Military Innovations in the Vietnam War
No Regard for Human Life
The Vietnam War started on November 1, 1955 and ended on April 30, 1975. In that time a shocking 1.3 million to 3.9 million people died. America got involved in the war because of its goal to stop the spread of communism, and it was willing to do anything to achieve its mission. It wasn’t just the large amount of people that died that made the war so horrific, but it was the manner in which they died. Due to the use of chemical warfare, the increased use of air strikes, and the use of advanced weaponry, the Vietnam War was the most brutal war and caused the most horrific deaths in American history (Vietnam War).
When President Lyndon B. Johnson escalated American involvement in the war in 1965 the American military did not have any regards for the citizens, soldiers, or land of North Vietnam. This was shown through America’s use of chemicals during the war. The two most common chemical concoctions were Napalm and Agent Orange. Napalm is a mixture of plastic polystyrene, gasoline, and hydrocarbon benzene. This blend thickened the gasoline and was used in flamethrowers and firebombs. These devices were used to clear away the forests of Vietnam, and as weapons that would cause 3rd degree burns and would often lead to death (Napalm | Chemical Compound). Another chemical used during the war was Agent Orange. Agent Orange was a toxic herbicide used by the United States during Operation Ranch Hand. The goal of the operation was to cut off the Vietnamese farmers and soldiers from food and water as well to clear out the dense vegetation of the area. Agent Orange also had lots of side effects on the soldiers such as cancer and birth defects in newborn babies. The use of these chemicals showed the ruthless policies of the American army in their attempt to win the war (Napalm, Agent Orange).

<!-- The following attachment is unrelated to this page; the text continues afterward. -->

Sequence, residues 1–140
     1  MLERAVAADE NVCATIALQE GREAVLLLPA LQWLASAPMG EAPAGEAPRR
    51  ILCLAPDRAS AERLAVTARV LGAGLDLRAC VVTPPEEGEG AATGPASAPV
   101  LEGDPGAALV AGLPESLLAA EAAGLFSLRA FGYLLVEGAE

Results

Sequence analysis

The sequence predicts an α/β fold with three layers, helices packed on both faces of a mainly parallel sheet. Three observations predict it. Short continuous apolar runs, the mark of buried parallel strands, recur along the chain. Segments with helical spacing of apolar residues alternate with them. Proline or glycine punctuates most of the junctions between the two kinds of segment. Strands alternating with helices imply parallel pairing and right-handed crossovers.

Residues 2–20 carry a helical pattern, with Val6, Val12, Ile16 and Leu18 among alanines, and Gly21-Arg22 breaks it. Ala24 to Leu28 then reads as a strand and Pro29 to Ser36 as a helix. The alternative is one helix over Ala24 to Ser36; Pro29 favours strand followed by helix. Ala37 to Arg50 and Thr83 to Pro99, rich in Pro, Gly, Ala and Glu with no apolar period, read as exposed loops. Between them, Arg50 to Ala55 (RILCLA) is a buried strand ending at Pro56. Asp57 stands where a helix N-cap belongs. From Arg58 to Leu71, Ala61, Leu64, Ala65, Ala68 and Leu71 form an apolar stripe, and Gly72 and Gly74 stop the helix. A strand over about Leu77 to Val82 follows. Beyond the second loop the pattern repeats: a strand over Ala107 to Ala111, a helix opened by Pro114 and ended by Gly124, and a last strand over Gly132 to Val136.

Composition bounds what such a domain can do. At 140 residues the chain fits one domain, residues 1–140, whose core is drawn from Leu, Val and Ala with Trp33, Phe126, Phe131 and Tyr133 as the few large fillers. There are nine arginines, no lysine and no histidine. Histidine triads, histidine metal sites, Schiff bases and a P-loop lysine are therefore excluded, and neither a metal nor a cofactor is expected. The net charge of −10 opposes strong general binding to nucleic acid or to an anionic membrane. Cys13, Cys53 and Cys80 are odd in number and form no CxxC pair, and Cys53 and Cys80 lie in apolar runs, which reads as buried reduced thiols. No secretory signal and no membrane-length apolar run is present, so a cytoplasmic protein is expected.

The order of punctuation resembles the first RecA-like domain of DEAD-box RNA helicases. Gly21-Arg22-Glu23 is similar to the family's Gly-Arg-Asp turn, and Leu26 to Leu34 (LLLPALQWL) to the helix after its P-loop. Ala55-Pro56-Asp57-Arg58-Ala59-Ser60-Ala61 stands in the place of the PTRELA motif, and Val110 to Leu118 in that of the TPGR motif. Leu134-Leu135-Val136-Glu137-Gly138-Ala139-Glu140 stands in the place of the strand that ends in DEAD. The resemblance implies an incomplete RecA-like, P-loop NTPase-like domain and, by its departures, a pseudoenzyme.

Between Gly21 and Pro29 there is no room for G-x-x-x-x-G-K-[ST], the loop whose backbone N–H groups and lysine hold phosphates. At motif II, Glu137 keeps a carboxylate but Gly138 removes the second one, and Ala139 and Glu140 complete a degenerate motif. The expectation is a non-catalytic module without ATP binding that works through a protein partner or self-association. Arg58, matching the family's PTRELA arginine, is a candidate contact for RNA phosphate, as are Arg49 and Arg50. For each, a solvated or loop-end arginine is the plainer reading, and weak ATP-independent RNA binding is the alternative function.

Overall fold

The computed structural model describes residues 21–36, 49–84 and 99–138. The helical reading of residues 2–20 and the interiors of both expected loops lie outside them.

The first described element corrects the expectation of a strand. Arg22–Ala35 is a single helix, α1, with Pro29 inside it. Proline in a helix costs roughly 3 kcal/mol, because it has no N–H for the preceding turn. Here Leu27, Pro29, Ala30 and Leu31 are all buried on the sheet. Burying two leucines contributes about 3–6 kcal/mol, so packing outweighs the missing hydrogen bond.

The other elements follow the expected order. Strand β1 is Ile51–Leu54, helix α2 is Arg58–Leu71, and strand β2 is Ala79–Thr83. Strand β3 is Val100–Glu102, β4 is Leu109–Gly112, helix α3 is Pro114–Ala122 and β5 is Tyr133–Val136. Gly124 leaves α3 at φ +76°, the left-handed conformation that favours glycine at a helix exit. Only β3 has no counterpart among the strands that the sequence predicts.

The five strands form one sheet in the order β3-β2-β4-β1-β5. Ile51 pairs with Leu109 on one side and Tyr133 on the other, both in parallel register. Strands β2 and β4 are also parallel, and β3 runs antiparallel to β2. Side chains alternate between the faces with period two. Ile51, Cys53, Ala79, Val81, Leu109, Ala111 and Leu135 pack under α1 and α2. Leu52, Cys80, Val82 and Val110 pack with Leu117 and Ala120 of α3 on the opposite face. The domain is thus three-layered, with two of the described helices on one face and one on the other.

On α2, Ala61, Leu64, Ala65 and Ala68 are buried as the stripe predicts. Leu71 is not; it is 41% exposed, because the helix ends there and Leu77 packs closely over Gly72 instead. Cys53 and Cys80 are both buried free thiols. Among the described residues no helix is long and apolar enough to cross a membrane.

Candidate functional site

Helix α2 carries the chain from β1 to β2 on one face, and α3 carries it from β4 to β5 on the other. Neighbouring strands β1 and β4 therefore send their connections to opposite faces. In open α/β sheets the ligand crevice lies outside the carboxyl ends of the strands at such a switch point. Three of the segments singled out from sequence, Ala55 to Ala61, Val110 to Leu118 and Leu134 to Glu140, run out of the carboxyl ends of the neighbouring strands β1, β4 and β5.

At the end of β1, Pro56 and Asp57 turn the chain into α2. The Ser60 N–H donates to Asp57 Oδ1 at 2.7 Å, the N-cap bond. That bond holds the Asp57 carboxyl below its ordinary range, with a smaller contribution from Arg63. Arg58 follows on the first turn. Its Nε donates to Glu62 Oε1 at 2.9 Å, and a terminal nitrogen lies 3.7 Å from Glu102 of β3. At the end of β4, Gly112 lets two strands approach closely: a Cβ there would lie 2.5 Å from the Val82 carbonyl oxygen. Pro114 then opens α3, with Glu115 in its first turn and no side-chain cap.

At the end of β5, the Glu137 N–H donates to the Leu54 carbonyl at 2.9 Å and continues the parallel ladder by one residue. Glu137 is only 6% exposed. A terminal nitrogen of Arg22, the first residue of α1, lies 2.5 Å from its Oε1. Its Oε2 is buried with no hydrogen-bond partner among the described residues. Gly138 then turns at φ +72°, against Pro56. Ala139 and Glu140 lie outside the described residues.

American commanders did not care what, or who was destroyed in their efforts to win the war, so the use of airstrikes became a common war tactic. The most used plane was the B-52 bomber. The bomber could carry more bombs than fighter planes and could fly from up to 30000 feet in the air. Which was effective because it put the plane out of range from gunfire and it was hard to spot. These bombers would often drop cluster bombs, which were bombs that would release seven million steel pellets. These pellets ripped through human flesh and were often inaccurate and killed innocent civilians (Hay). The use of these bombs showed that the United States had no regard for human life. Another symbol of the Vietnam War was the Huey Helicopter. It was known as a symbol of the war because it changed modern day warfare and more than 7000 of them were used during